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September 21, 2007

Dunedin Bottle Buy Back a Huge Success
Press Release: Joint Media Statement

Every hour a stunning 1,455 bottles and cans were cashed in at a Bottle Buy Back event held in Dunedin on Wednesday, with a "refund" of 10c paid out on a total of 7,276 containers. The initiative was designed by The Otago University Student's Association to encourage students to clean up North Dunedin streets following the widely publicised student riots recently. The Bottle Buy Back also highlighted the feasibility of Container Deposit Legislation (CDL), and its positive effects on our environment.

In a move away from the main drink industry stance on CDL, Phoenix Organics demonstrated their commitment to keeping New Zealand green by sponsoring The Bottle Buy Back, and is looking to support consecutive events around the country.

"The Container Deposit system is in line with Phoenix Organic principles of operating a sustainable business", said Ron Curteis of Phoenix Organics. "We're very supportive of the students' initiative to reduce the impact packaging has on our environment".

Also promoting recycling and the CDL model with their support of The Bottle Buy Back were The University of Otago, Wanaka Wastebusters, Students for Environmental Action, the Otago University Students Association and the Entrust Foundation.

Dunedin's Green Man Brewery recycle their packaging and re-use their bottles, and were pleased to see their bottles amongst those returned to the Bottle Buy Back depots.

"I hope that this will result in a new era in producer responsibility for the beverage industry" said Tom Jones at Green Man Brewery. "We were pleased to see so many people participating and it's good to see Phoenix Organics also getting in behind the students."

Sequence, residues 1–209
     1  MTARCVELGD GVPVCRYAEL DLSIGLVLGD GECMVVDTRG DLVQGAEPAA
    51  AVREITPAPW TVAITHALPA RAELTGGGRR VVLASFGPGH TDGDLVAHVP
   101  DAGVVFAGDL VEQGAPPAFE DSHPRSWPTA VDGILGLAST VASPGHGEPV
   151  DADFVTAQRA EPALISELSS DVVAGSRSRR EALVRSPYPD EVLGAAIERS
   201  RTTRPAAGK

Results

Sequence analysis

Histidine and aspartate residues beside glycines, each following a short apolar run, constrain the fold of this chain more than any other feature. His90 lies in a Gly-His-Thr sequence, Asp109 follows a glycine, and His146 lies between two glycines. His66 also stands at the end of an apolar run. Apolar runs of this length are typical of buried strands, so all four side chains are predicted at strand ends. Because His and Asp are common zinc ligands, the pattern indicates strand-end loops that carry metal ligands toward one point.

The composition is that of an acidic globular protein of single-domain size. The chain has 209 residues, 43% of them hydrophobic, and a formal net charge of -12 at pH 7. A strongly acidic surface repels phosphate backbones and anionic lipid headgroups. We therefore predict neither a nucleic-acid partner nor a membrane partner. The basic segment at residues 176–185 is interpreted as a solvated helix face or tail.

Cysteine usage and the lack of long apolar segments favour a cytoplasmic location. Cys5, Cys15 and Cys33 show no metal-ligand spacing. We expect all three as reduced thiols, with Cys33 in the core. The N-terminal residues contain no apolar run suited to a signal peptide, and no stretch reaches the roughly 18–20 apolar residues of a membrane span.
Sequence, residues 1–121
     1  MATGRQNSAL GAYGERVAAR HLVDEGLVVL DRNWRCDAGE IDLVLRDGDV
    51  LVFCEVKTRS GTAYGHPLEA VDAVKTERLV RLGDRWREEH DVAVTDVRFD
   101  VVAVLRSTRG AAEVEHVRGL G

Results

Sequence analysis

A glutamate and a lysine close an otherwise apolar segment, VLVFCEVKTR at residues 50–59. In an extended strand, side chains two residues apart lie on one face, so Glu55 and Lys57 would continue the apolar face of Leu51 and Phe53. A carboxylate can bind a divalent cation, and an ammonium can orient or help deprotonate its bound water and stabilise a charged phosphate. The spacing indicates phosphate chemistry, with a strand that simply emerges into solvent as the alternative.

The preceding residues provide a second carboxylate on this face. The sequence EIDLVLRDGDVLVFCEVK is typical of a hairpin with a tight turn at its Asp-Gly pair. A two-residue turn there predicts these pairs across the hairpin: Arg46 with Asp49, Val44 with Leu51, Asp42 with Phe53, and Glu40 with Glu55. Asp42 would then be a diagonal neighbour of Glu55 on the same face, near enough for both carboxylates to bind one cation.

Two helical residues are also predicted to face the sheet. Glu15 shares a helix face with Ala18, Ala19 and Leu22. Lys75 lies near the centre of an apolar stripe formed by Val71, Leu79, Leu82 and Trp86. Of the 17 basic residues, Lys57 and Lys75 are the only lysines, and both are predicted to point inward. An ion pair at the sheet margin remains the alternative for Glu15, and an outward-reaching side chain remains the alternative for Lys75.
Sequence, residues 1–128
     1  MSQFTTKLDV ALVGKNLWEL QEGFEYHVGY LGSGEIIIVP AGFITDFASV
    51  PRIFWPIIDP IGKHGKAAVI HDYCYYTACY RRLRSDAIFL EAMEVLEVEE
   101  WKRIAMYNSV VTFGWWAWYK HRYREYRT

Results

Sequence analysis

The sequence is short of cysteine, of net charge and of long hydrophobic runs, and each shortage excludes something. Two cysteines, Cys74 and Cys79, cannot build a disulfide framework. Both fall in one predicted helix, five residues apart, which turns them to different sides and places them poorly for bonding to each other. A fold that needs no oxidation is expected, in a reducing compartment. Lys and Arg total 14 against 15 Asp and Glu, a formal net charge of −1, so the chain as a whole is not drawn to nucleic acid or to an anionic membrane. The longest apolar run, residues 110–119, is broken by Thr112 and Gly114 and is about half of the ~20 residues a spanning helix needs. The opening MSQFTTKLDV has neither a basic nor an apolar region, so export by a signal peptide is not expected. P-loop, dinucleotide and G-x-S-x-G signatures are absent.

The majority of returned containers were glass (58%), with cans making up 32%, and plastic representing the remaining 10%.

"New Zealanders consume around 1.92 billion beverages a year, and with recycling rates in New Zealand reaching less than 40%, our 'Clean Green' image doesn't stand up against other countries who achieve 80 - 90% recovery rates" says Warren Snow of sustainability consultants Envision New Zealand, "This event has shown how simple and logical the CDL concept really is - and how much support it has from the public."

Container Deposit Legislation (CDL) is a market based mechanism that puts a small refundable deposit on beverage containers. Government sets the parameters of the system and the beverage industry designs and implements it.

The CDL model is effective because it creates a financial incentive for people to return beverage containers, captures beverage containers used away from home (over 50% of total) that kerbside recycling does not recover, and transfers the costs from local government and ratepayers to beverage producers and consumers, illustrating a key principle of extended producer responsibility and product stewardship.

Envision New Zealand intend to replicate the success of Dunedin's Bottle Buy Back with similar events around the country


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